Clearly, the Florida Probation and Parole Office in Kissimmee did not think this one through.
And no, my use of the word “sight” is not a threat in case they try to use that to get me committed.
Grapski, who heads PINAC’s Open Records Project, was hospitalized for four days last week after a probation officer revoked his right to travel to Missouri on the false allegations that he had been making threats on Twitter against Ferguson officials.
He was released Saturday and has already obtained the “evidence” they had used to revoke his right to travel out of the state on Wednesday, one day before he was scheduled to fly out and two days after he had already been granted permission by the very same probation office.
The evidence consisted of two emails; one accusing him of “spewing hate online” and “organizing against the police,” another accusing him of “starting trouble and making accusations at law enforcement.”
“I would like to bring your attention to a parolee whom has been spewing hate online in social media and is planning to attend Ferguson , Missouri’s protestors. He is agitating and organizing against the police”
The email contained a link to his Twitter feed without singling out any particular tweet.
Assistant City Attorney Greg Wheeler also accused him of making threats as well as showing up to city council meetings and “starting trouble and making accusations at law enforcement,” asking that Grapski not be allowed to travel to New Mexico anymore.
But Wheeler did not provide any examples, even after the probation office requested them.
And here is a video of Grapski speaking before the council that shows he did not make any threats. It just isn’t his style. Fast forward to 2:49 to see him speak to the Albuquerque City Council.
But those emails are what probation officer Lisa Barker used to justify calling Grapski into their office on Wednesday and inform him he was not allowed to travel to Ferguson, even though two days earlier, Grapski’s probation officer granted him permission.
Grapski said that Barker has always had it in for him, entering his home last year with police looking for drugs, arresting him for his prescription medicine, claiming he had obtained them without a prescription. Although he remained in jail for several days, no charges were ever brought up against him.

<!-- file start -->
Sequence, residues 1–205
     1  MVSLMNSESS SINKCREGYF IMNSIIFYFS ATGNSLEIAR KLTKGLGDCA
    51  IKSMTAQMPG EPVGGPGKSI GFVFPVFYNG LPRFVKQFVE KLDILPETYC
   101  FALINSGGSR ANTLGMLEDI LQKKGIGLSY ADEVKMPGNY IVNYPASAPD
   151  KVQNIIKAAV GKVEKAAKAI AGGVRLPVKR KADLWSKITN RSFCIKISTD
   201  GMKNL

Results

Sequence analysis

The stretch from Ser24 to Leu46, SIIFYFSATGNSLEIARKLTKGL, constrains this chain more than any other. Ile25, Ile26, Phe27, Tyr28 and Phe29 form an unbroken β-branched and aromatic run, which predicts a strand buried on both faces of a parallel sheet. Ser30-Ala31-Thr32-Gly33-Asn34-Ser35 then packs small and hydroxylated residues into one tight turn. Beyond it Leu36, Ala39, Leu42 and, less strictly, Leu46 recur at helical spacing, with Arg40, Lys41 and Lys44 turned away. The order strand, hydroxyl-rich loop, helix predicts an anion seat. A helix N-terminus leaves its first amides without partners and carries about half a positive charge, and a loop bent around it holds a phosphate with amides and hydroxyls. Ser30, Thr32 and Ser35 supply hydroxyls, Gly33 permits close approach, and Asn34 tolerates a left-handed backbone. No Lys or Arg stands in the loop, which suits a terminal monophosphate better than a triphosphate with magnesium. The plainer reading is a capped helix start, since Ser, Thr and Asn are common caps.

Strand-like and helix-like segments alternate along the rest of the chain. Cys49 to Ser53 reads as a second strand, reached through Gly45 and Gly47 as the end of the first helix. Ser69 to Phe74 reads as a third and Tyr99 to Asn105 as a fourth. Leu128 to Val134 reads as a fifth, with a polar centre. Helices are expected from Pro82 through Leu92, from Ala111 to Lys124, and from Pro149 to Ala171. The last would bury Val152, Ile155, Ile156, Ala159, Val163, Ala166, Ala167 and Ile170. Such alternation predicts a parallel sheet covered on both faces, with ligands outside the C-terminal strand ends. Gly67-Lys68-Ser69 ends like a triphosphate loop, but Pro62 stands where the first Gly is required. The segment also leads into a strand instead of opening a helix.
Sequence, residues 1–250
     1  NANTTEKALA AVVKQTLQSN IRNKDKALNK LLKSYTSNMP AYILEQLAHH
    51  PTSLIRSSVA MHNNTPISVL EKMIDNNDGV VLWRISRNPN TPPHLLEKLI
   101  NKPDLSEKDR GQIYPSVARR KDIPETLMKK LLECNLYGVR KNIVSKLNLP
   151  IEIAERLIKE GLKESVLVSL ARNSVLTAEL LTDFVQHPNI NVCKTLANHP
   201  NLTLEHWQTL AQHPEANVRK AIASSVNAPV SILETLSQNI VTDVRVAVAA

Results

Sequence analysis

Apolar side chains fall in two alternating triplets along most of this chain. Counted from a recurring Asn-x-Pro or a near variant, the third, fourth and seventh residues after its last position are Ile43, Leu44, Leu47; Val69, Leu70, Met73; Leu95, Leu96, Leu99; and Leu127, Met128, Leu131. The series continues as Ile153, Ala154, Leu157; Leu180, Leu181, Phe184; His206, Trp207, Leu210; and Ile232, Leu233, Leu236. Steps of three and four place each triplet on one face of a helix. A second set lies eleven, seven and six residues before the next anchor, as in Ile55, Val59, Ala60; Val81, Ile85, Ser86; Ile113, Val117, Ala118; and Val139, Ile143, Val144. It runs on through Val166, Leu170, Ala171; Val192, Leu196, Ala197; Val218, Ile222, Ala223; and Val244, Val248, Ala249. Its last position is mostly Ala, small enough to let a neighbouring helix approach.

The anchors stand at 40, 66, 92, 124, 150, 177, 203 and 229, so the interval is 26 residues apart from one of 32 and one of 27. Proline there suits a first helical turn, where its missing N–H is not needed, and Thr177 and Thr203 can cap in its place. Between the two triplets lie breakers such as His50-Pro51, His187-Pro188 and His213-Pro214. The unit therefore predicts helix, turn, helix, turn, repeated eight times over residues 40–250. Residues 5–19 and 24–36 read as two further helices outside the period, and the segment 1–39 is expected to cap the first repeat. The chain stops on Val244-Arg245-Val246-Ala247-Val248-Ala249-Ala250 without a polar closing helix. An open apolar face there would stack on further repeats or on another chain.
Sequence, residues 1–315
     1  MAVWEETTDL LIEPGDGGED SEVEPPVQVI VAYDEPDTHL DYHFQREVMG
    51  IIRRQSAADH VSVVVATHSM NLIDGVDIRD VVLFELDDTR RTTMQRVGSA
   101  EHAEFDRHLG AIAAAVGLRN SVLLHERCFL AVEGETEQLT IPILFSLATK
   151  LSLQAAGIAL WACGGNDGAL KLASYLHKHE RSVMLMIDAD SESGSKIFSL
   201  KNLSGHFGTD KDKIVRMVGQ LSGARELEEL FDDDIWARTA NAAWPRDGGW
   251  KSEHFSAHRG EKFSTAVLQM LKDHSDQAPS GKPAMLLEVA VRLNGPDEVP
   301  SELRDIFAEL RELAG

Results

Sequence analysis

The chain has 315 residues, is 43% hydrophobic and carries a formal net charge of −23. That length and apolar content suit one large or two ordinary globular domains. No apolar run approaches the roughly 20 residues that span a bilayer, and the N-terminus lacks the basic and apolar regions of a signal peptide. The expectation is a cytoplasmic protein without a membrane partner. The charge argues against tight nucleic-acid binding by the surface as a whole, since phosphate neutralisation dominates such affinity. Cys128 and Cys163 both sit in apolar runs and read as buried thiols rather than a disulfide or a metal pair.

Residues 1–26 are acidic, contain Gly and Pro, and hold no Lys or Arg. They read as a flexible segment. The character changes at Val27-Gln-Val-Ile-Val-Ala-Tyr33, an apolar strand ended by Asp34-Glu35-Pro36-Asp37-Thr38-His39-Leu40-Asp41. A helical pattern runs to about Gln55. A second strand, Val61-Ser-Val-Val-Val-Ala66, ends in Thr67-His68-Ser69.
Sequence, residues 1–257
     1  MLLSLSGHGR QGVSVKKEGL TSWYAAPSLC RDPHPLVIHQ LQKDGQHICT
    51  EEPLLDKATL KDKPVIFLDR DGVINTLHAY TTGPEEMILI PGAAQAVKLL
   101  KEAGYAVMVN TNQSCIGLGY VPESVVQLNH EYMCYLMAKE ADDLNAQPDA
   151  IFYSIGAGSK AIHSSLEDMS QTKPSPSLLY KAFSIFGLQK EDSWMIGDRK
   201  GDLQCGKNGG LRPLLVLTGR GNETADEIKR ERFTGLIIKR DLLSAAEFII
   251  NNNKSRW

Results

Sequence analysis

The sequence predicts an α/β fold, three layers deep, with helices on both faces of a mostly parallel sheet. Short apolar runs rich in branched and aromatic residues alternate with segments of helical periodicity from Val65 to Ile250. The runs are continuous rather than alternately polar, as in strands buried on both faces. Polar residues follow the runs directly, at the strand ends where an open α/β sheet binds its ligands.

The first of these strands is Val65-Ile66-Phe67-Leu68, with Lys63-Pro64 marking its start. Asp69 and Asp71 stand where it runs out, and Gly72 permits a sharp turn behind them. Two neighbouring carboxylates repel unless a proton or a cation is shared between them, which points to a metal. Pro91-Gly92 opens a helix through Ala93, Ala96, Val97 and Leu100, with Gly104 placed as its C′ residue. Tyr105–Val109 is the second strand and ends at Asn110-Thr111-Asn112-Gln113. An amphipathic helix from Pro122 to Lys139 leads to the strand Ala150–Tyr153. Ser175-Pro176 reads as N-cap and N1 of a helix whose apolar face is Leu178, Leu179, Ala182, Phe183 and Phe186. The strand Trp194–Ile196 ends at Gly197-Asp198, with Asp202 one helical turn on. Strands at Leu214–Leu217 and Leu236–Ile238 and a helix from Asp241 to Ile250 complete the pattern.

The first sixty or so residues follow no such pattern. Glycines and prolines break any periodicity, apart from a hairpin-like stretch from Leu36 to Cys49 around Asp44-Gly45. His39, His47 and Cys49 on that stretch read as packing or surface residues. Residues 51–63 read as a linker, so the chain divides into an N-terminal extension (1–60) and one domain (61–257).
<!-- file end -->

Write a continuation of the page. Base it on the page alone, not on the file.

Grapski acknowledges he became irate after being informed he would not be allowed to travel to Ferguson. Who wouldn’t? But he insists he did not make any threats against the probation officers as police accused him of doing.
He simply demanded they provide evidence that he had made threats against public officials online as they had accused him of doing.
When they ordered him to leave the premises, he did just that with them following behind. He then sat in the car with his father calling his lawyer to inform him of the situation.
That was when the Kissimmee police swat team showed up and pounded on his window, eventually handcuffing him and transporting him Park Place Behavioral Healthcare.
The report also said he was threatening to commit suicide, which he also said is not true. And the report said he needed to be involuntarily hospitalized because he was off his medication.
But he said the anti-anxiety medication he takes is only to be taken when he feels anxious, which he sometimes feels as a result of the post-traumatic stress disorder he suffers stemming from being beaten into a coma in 2006 for making public records requests into Alachua County.
Although he was convicted for assault on an officer in that case, which is why he is on probation, he also won nearly a $200,000 settlement, which is almost impossible to do for an incident that results in a conviction.
But this is Charlie Grapski we’re talking about, a man who has a history of beating the powers that be in court as he did in 1998 when he won a $250,000 settlement against one of one of the most power institutions from the University of Florida after they falsely accused him of child molestation.
Last week’s police report states that Grapski was claiming he was the victim of a government conspiracy, which he also denied saying, even though it is obvious the government is conspiring against him.
Grapski also said he was not “sweating profusely” as he sat inside the air-conditioned car, but he insists that he remained calm and a cop even wrote that he “cooperated completely.”
And although the cops say his attorney refused to identify himself when they tried to talking to him on the phone, he said they never asked him for his name.
Florida’s Baker Act requires a patient to be seen by a doctor within 24 hours, but there was no doctor on staff during his four-day stay, he said.
Instead, he was seen by a nurse practitioner who led him to believe she was a doctor, only for him to find out later she was not a doctor.
“Everybody referred to her as the doctor and she deliberately allowed the belief that she was a doctor to continue,” he said.
So now he and his attorney are looking to file suit against the probation office, the hospital and even the person from Conservative Treehouse who sent the email.
He said the police will probably be protected under qualified immunity for libeling him in their reports and he speaks from experience.
That is why when he says he has a strong case against the others, they better start pulling out their checkbooks.